Fujikasa Satoko, Plant Growth, 2013, stoneware with matte translucent glaze, at the Peabody Essex Museum, Salem, Massachusetts

I have spent most of my adult life trying to fix the things I think are wrong with me and trying to make my life better (it’s been one of the themes of this blog since 2014 at least). All of my goals for personal growth, improved health, financial stability, positive life experiences, cultivating relationships with truly good people, and aligning my existence with my values are directly compatible with meeting a soulmate and raising a family, so it’s not like I necessarily need to shift focus or do anything differently. If anything, I should probably focus more on them while I can, since I’m not sure I would be able to get a lot of exercise and meditation in with a newborn around.

I recently read the infinitely-quotable book How to Love by Thich Nhat Hanh, who always makes life seem so simple and gentle. He uses an extended metaphor of gardening for how to bring love from oneself out into the world to share with others. I was especially taken with a line on aspirations:

If you have a deep aspiration, a goal for your life, then your loving of others is part of this aspiration and not a distraction from it.

I’ve been thinking about this over and over, as I think about what goals I want to set for my 35th birthday. I need to adjust my mindset to one where love, and nurturing my relationships with love, are back at the center. If I want to bring love and family into my life, I need to make myself a garden where love can grow (both metaphorically and yuck, yes, physically). Whatever form that takes, I need to welcome it with gratitude, and I know I won’t get there any sooner by being impatient about it.



So this year I am going to try to actually celebrate, instead of grieve, and be grateful for the opportunities I’ve had, instead of resentful that time passed with no more progress toward a family. I will try to enjoy the unanswered questions and unsettled conditions as mysteries of possibility yet to unfold. I’m going to keep trying to be more open and honest and present day to day, to be more of myself even when it would be easier to give up, curl into a ball, and make decisions I’ll regret years from now. I always tell other friends who are upset about being single that you can’t meet the love of your life until you’re both who and where you need to be, to be right for each other. So maybe it’s time to start taking my own advice and make the best of things as they are, instead of how I might wish them to be.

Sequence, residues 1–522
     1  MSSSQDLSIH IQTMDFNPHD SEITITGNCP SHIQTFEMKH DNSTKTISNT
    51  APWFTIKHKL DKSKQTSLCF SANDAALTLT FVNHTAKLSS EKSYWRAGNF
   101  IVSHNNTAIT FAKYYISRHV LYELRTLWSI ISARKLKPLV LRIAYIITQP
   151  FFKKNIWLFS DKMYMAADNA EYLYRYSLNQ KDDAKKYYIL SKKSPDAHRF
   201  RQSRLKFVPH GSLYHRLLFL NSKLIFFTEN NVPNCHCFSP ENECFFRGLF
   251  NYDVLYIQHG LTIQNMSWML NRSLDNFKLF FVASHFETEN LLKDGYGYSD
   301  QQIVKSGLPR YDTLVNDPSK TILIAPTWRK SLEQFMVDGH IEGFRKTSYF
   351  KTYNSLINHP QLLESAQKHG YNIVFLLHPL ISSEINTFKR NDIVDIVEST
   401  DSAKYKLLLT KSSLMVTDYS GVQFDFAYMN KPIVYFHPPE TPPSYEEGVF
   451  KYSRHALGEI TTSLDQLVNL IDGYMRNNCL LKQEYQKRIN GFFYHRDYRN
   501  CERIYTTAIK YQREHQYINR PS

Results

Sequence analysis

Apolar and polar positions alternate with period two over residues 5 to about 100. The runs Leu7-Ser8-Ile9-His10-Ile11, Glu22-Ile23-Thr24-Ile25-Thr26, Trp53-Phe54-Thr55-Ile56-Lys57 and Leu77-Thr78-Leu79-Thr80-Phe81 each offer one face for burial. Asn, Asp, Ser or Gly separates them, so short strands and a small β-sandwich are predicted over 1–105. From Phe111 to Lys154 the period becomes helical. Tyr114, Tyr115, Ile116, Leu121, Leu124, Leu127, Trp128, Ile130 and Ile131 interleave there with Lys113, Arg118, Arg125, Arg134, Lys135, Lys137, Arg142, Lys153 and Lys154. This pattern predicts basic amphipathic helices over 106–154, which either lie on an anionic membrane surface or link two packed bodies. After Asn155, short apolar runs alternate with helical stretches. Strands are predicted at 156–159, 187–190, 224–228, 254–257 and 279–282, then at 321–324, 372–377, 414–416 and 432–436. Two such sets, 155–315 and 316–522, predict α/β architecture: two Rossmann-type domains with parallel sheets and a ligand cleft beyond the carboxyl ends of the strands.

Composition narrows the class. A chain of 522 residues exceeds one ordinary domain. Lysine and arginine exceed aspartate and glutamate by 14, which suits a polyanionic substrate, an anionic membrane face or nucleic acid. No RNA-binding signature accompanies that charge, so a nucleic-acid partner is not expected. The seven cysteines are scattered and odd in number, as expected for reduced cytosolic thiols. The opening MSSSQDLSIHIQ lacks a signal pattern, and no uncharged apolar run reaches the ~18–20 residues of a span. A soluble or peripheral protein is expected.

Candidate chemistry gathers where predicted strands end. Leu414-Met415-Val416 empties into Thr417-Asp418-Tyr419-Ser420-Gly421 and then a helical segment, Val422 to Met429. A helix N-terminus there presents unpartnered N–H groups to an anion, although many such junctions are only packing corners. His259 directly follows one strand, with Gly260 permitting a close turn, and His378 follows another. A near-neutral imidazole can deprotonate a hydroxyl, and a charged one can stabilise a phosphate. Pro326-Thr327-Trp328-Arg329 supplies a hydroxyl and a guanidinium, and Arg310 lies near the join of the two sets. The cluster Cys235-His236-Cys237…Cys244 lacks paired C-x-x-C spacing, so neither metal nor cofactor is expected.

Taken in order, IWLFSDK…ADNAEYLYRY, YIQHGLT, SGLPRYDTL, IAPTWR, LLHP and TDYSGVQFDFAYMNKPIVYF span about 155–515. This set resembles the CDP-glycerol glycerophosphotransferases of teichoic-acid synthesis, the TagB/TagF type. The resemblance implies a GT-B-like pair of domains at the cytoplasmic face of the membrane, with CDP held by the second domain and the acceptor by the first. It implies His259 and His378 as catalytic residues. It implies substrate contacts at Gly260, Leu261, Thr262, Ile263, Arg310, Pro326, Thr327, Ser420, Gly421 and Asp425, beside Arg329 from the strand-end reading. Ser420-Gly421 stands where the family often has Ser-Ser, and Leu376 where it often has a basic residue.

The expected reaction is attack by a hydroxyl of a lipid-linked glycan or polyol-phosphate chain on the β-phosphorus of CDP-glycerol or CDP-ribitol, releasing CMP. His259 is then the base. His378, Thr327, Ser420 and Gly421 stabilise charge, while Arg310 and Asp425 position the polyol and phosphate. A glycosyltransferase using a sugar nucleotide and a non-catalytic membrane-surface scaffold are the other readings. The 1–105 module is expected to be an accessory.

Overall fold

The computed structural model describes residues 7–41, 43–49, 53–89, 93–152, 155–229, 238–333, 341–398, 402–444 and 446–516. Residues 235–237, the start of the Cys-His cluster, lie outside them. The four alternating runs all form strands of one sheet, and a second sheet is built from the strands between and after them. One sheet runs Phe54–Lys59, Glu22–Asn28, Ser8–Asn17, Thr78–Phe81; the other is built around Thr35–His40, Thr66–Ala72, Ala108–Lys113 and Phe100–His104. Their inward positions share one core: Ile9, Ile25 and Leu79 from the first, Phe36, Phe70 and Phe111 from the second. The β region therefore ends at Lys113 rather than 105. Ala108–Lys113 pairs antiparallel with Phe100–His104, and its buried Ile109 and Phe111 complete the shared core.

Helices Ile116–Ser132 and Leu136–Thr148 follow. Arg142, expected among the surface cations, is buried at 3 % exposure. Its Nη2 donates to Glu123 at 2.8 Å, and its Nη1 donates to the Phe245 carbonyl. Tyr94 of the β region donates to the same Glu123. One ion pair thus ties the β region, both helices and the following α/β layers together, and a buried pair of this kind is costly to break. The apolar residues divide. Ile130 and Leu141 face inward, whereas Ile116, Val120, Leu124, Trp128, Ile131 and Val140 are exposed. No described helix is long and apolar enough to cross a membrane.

And maybe it’s time to look into adopting that cat.

Complacent is complicit

A few years ago, I wrote about what I believed to be a racist incident on the bus in Staten Island. When I got home, I made a formal complaint with the MTA, I wrote that blog post, I posted some things on Twitter, and I gave further details through several follow-up phone calls with the MTA. But I was deeply ashamed of myself when someone asked me if I said something while it was happening, and I had to admit no, not really, I sort of made an upset face and grumbled a little along with everyone else. My objection was obviously so opaque that a fellow rider mistook me for being complicit in supporting the bus driver’s almost certainly racially-motivated mistreatment. I haven’t forgotten the shame of knowing I should have done more.

Later that summer, Michael Brown was killed by police in Ferguson, and Eric Garner was killed by police a few blocks from where I lived. I saw my neighborhood erupt in protests, and it was the first time I heard “Black Lives Matter” being chanted. I happened to be moving out of Staten Island the weekend of the biggest demonstration, and I had to keep begging my way through barricaded streets with a truck to get between my building and a storage locker I’d rented. I supported the protestors, both in their message and their right to peacefully protest, but I didn’t stop to join them in solidarity because I had too much stuff going on at the time. And back then, I foolishly wasn’t sure if it was “safe,” if I’d be seen as an ally or as part of the problem.



As the number of black Americans who died through extrajudicial executions and lethal force by police escalated, I didn’t know what to say or do. I felt like maybe it was pandering or lip service if I posted hashtags or articles, I worried it would appear to be some kind of self-promotion (on Twitter especially), and I thought I didn’t have anything to say that wouldn’t be insultingly banal and potentially damaging to the message being spread by friends who were better educated on the issues and more directly affected by the systemic racism threatening black lives. It was a feeling of paralysis, where I didn’t know if I should apologize on behalf of white people, start calling out friends who went the #alllivesmatter and #bluelivesmatter route, write letters to my representatives, or just cover my head with a pillow and cry.